In this talk, we construct a generalized sorting machine called a "C-machine" that we then use to study many interesting classes of pattern-avoiding permutations. In the process, we use both classic combinatorial techniques as well as tools from statistical mechanics in an effort to understand the enumeration of these permutation classes.

AMS Section Meeting - Washington, D.C. (March 7, 2015)

The generalized factor order has been studied frequently in recent years. In this talk, we survey results on enumerative equivalence among words in the generalized factor order over the positive integers, including progress toward proving the Rearrangement Conjecture of Kitaev, Liese, Remmel, and Sagan. We further provide new conditions guaranteeing equivalence of certain rearrangements.

AMS Section Meeting - Eau Claire, WI (September 20, 2014)

When two patterns occur equally often in a set of permutations, we say that these patterns are equipopular. Using both structural and analytic tools, we classify the equipopularity classes in the set of separable permutations. In particular, we show that the equipopularity classes of length \(n\) patterns are in bijection with the partitions of the integer \(n\).

Permutation Patterns 2014 - Johnson City, TN (July 7, 2014)

We consider the enumeration of pattern-avoiding involutions, focusing in particular on sets defined by avoiding a single pattern of length $4$. We directly enumerate the involutions avoiding \(1342\) and the involutions avoiding \(2341\). As we demonstrate, the numerical data for these problems exhibits some surprising behavior. This strange behavior even provides some very unexpected data related to the number of \(1324\)-avoiding permutations.

FPSAC 2014 - Chicago, IL (June 29, 2014)

The Rearrangement Conjecture states that if two words over \(\mathbb{P}\) are Wilf-equivalent in the factor order on \(\mathbb{P}^\ast\) then they are rearrangements of each other. We introduce the notion of strong Wilf-equivalence and prove that if two words over \(\mathbb{P}\) are strongly Wilf-equivalent then they are rearrangements of each other. We further conjecture that Wilf-equivalence implies strong Wilf-equivalence.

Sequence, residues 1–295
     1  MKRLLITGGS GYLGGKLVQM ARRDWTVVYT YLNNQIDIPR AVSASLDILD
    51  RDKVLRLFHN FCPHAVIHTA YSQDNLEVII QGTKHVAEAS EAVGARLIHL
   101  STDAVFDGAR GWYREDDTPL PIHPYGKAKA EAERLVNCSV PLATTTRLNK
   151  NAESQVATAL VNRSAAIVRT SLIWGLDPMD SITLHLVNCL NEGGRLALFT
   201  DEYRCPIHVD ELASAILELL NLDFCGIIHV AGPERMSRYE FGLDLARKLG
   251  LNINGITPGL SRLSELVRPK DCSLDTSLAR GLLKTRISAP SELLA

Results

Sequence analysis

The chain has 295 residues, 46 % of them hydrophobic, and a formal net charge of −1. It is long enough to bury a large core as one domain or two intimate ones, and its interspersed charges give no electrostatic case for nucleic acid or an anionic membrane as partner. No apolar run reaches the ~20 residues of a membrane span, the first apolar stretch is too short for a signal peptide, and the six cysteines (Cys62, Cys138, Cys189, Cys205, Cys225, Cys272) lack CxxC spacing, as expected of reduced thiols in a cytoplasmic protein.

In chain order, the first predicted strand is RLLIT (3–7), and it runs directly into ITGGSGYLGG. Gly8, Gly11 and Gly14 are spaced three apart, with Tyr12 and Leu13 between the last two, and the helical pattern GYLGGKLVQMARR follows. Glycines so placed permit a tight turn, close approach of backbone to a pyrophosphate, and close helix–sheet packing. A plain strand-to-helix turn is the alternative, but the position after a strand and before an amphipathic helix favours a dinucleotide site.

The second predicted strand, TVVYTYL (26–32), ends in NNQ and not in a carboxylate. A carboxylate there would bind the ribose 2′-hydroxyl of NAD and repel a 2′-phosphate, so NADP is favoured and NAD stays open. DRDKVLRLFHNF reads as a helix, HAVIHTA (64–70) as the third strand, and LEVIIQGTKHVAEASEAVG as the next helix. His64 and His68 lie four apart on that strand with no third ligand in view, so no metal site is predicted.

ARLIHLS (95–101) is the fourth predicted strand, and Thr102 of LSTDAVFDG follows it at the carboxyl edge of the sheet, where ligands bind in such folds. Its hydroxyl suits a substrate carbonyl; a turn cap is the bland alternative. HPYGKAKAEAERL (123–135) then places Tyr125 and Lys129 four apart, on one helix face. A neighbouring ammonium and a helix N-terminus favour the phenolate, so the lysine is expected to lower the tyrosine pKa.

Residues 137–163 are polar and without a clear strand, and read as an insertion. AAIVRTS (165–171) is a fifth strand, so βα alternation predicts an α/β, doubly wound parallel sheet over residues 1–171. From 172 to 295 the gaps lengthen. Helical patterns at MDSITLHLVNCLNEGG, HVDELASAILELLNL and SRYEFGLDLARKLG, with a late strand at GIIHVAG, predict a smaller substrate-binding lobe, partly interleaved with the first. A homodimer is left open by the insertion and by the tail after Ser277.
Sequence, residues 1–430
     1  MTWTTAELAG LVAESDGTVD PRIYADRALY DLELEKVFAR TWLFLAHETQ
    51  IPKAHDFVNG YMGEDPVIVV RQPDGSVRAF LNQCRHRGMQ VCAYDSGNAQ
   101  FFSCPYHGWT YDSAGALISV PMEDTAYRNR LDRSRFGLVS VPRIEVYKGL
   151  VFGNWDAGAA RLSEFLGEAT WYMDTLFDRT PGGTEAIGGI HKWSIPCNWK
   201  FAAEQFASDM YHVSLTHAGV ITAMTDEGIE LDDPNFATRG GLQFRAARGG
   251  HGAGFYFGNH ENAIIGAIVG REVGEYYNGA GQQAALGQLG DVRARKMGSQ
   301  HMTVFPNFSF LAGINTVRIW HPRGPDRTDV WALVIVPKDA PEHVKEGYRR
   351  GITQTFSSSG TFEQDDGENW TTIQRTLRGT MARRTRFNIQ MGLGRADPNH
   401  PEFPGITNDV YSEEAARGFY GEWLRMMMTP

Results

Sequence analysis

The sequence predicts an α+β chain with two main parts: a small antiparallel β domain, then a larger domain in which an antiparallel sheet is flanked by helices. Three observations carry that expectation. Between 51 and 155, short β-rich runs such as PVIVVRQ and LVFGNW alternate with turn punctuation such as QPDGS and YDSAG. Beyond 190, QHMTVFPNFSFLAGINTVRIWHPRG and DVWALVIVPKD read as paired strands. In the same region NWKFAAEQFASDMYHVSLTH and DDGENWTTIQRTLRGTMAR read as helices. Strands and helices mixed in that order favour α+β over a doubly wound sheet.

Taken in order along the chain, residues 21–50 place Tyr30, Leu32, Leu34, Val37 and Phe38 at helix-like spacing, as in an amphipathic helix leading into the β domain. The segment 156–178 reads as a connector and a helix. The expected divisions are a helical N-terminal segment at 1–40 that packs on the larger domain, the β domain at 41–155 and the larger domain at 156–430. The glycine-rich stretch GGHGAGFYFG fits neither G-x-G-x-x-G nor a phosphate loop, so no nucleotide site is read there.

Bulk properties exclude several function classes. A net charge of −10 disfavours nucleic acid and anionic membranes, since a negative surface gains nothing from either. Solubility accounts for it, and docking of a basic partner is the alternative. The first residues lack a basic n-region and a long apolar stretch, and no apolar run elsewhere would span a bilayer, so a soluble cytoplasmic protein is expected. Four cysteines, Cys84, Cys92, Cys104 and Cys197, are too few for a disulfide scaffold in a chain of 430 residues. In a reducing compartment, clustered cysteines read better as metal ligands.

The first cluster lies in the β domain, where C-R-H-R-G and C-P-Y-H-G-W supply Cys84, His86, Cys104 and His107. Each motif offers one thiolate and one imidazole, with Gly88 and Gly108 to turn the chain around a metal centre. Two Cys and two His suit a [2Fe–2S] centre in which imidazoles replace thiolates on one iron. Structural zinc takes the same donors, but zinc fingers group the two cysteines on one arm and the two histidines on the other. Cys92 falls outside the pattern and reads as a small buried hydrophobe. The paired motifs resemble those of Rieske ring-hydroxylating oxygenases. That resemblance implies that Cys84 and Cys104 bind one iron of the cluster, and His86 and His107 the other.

UF Graduate Student Colloquium - Gainesville, FL (August 28, 2013)

Generating functions can be extremely useful in combinatorics, number theory, probability, algebra, and many other fields. In this talk, we'll start with the definition of a generating function and move on to the techniques which make them so powerful. Then, we'll finish with a look at three quick applications of generating functions to common combinatorial problems. The material will be accessible to anyone who has taken Calc 2.

Permutation Patterns 2013 - Paris, France (July 2, 2013)

We find the generating function for the class of all permutations that avoid the patterns 3124 and 4312 by showing that it is an inflation of the union of two geometric grid classes.

UF Pi Mu Epsilon Seminar - Gainesville, FL (March 14, 2012)

In this talk, we'll give a chronological history of the development of our modern notion of the mathematical constant Pi. We'll start with the ancient peoples (Egyptians, Babylonians) and our best guesses at how they found their results. We'll progress though Medieval to Modern Europe with the contributions of Viete, Newton, Euler, Gauss, Lambert, and more. Lastly, we'll talk about efforts to find digits of Pi computationally, including some modern algorithms and the records set using them.